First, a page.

Maintained for Historical Purposes

This resource is being maintained for historical purposes only and is not currently applicable.

(GEN-99-42) SUMMARY: This letter updates the contingency plans that the Department will implement in the event of a Year 2000 related computer system failure at a school or third-party servicer.

DCLPublicationDate: 12/20/99
DCLID: GEN-99-42
Summary: SUMMARY: This letter updates the contingency plans that the Department will implement in the event of a Year 2000 related computer system failure at a school or third-party servicer.

December 1999


SUMMARY: This letter updates the contingency plans that the Department will implement in the event of a Year 2000 related computer system failure at a school or third-party servicer.

Dear Partner:

Secretary Riley has asked me to advise you about our Year 2000 (Y2K) contingency plans and describe the conditions under which a school or servicer, without incurring program liabilities, may use the contingency plans to carry out critical financial aid activities.

As you know, the Department’s computer systems are Y2K-compliant. Nevertheless, we have been working for some time now to develop and test contingency plans that can effectively be implemented in the event that a Y2K anomaly causes a system failure or otherwise disrupts critical financial aid processes. In short, the contingency plans provide alternative processes or workarounds for Y2K-related system failures that could occur at the Department, schools, third-party servicers, lenders, guaranty agencies, and at other program participants. Detailed information about these plans is available on the Department’s web site at

We have made a few changes in the contingency plans for school and third-party servicer failures since we last posted information on our web site, particularly with the plans that have regulatory implications. The contingency plans in this letter contain those changes as well as additional information about how schools and third-party servicers may use the plans. Shortly, we will also provide similar guidance regarding our contingency plans for Y2K failures at lenders and guaranty agencies. In addition, please refer to GEN-99-41 for information about what schools and third-party servicers can still do to mitigate the impact of Y2K failures.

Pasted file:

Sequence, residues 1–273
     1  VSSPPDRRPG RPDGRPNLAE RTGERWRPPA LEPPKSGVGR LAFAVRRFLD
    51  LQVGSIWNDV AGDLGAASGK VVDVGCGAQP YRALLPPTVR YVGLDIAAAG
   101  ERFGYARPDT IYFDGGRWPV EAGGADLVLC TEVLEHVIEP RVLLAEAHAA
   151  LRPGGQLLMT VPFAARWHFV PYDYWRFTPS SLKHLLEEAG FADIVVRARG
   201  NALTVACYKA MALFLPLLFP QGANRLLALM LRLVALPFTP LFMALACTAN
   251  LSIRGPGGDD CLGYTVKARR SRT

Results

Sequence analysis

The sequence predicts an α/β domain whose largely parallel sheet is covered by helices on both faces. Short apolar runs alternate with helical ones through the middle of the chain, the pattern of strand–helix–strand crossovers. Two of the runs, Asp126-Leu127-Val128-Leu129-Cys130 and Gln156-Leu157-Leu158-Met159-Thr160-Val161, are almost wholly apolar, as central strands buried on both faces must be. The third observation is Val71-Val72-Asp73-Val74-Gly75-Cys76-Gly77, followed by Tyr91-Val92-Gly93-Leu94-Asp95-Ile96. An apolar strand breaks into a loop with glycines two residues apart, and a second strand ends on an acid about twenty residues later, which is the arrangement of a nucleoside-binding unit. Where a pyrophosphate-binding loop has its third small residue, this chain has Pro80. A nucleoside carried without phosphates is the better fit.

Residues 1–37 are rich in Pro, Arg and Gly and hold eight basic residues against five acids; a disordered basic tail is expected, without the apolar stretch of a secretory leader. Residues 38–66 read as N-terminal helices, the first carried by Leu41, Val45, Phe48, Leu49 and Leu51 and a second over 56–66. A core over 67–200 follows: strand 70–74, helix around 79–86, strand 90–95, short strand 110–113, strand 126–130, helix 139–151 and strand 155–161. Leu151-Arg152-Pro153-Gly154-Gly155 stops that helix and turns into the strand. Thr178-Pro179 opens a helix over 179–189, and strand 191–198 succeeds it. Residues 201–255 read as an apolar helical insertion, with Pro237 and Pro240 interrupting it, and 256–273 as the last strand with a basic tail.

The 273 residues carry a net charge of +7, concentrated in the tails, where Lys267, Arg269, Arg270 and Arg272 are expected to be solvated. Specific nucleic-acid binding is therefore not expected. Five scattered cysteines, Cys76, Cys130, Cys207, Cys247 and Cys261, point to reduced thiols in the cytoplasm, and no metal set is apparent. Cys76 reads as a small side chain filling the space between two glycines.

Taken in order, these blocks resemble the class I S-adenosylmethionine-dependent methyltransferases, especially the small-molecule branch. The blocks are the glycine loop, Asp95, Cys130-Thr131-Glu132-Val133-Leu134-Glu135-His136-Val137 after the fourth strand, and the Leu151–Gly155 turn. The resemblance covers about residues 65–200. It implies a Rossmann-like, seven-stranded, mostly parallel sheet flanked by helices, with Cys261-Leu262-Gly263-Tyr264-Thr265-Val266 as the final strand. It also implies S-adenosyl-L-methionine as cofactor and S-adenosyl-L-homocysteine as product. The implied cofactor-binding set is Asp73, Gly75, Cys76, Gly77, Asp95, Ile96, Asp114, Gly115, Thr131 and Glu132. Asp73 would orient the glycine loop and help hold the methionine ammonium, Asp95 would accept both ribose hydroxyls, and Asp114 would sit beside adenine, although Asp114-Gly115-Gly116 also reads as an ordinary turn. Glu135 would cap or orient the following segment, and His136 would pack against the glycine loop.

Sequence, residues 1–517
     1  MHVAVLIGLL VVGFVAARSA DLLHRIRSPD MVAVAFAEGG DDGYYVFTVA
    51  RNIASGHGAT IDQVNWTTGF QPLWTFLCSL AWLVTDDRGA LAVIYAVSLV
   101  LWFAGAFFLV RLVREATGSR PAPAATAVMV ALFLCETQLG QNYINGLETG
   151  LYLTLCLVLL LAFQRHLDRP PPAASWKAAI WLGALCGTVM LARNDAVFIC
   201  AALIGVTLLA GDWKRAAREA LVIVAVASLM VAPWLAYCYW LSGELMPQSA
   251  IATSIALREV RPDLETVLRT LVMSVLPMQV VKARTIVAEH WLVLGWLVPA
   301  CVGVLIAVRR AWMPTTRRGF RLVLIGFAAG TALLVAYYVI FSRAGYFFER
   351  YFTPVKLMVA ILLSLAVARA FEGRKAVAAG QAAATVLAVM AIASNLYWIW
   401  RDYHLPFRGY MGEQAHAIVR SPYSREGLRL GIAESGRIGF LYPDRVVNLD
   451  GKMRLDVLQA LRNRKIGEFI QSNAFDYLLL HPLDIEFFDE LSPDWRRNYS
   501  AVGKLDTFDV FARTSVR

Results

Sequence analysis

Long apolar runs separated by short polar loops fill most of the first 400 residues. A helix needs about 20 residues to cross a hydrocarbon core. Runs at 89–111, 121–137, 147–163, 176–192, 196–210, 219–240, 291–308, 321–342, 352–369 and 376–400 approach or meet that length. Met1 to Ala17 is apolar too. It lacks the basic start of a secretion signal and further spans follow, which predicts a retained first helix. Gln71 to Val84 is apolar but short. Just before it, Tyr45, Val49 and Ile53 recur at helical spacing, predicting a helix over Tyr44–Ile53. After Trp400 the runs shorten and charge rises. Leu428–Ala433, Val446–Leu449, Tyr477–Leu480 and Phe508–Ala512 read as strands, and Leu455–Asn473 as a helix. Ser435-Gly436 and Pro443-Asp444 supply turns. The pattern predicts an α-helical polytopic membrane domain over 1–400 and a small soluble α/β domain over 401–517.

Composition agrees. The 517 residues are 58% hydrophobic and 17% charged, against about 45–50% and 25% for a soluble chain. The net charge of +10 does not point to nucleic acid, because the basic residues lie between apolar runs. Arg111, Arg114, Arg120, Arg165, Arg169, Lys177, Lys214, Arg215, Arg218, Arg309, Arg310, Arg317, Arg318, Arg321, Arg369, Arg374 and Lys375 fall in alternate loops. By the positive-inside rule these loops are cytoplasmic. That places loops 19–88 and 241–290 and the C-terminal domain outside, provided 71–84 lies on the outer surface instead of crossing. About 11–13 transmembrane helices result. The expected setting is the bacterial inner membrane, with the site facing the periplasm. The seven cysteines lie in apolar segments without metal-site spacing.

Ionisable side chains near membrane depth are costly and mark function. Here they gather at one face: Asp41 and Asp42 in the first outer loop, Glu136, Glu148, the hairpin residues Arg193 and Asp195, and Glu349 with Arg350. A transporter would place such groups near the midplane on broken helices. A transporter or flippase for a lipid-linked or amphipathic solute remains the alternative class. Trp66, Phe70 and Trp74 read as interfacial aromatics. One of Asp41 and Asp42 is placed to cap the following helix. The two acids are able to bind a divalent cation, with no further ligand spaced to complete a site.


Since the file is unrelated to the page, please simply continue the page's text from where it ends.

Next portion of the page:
We understand that a Y2K failure may prevent a school or its servicer from complying with certain regulations. Therefore, for a limited time, we will not enforce certain regulations as discussed more fully in the attached contingency plan charts. For example, if a system failure prevents a school or servicer from preparing and transmitting to the Department Federal Pell Grant disbursement records within the regulatory required 30-day timeframe, we will not enforce the 30-day reporting requirement until after the date the school or servicer repairs its system or March 1, 2000, whichever date occurs first. However, the school’s or servicer’s failure to meet current regulatory requirements will trigger a finding of non-compliance in an audit or program review. We will not assess a liability or impose a fine for violations of program requirements that occur solely because of a Y2K system failure as long as the school or servicer:

1. Follows the guidance and procedures contained in this letter and detailed in the contingency plan charts, and ensures that all corrected amounts of federal student aid funds associated with that Y2K system failure have been properly paid or returned to the appropriate party;

2. Informs the auditor or reviewer of the Y2K system failure before the audit or review is conducted; and

3. In response to the audit or review finding, prepares a letter signed by the President or CEO that describes the system failure, identifies the date the system failed and the date it was repaired, and notes briefly the actions previously taken to make that system Y2K compliant. The school or servicer must submit this letter along with its audit or provide it to the reviewer at the time of the review.

Please note that a school does not have to notify the Department if it repairs its system on or before the end of the time allowed under the applicable contingency plan, e.g., in the example above, if the school repairs its system on or before March 1, 2000 the school does not need to notify the Department. However, if the school does not complete repairs or cannot otherwise begin to comply with regulatory requirements after the time allowed, it must promptly notify the appropriate Case Team (list attached) or designated program office as provided under each contingency plan. Although the contingency plans are the same for a school and a third-party servicer, if a servicer does not repair its system in time to comply with a regulatory requirement it must immediately notify the appropriate Case Team or program office and provide a list of its school clients. For example, a servicer located in Georgia must notify the Atlanta Case Team the day after it cannot comply with the 30-day reporting requirements. The Atlanta Case Team will inform the other appropriate Case Teams. In either case, the school or servicer must document the Y2K failure for audit and program review purposes.

For additional information about the contingency plans or guidance provided in this letter, you can contact the Customer Support Branch at 1-800-4ED SFAP

Yours sincerely,

Greg Woods
Chief Operating Officer
Office of Student Financial Assistance

Attachment A
Attachment B

Last Modified: 12/21/1999